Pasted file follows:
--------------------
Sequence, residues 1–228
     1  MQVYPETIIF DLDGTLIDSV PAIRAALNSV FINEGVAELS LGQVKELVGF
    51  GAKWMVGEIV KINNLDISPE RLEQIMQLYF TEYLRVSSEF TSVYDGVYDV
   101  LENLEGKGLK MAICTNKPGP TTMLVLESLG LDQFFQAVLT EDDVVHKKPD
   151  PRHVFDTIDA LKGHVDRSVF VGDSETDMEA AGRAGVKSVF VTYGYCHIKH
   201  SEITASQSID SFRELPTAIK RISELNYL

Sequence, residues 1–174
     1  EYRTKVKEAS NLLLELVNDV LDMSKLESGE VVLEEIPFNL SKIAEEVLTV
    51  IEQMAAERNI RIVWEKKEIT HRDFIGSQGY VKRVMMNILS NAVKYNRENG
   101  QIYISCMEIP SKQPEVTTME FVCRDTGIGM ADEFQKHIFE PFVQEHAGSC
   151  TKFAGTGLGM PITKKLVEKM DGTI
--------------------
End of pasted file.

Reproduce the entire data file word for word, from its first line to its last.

Sequence, residues 1–228
     1  MQVYPETIIF DLDGTLIDSV PAIRAALNSV FINEGVAELS LGQVKELVGF
    51  GAKWMVGEIV KINNLDISPE RLEQIMQLYF TEYLRVSSEF TSVYDGVYDV
   101  LENLEGKGLK MAICTNKPGP TTMLVLESLG LDQFFQAVLT EDDVVHKKPD
   151  PRHVFDTIDA LKGHVDRSVF VGDSETDMEA AGRAGVKSVF VTYGYCHIKH
   201  SEITASQSID SFRELPTAIK RISELNYL

Sequence, residues 1–174
     1  EYRTKVKEAS NLLLELVNDV LDMSKLESGE VVLEEIPFNL SKIAEEVLTV
    51  IEQMAAERNI RIVWEKKEIT HRDFIGSQGY VKRVMMNILS NAVKYNRENG
   101  QIYISCMEIP SKQPEVTTME FVCRDTGIGM ADEFQKHIFE PFVQEHAGSC
   151  TKFAGTGLGM PITKKLVEKM DGTI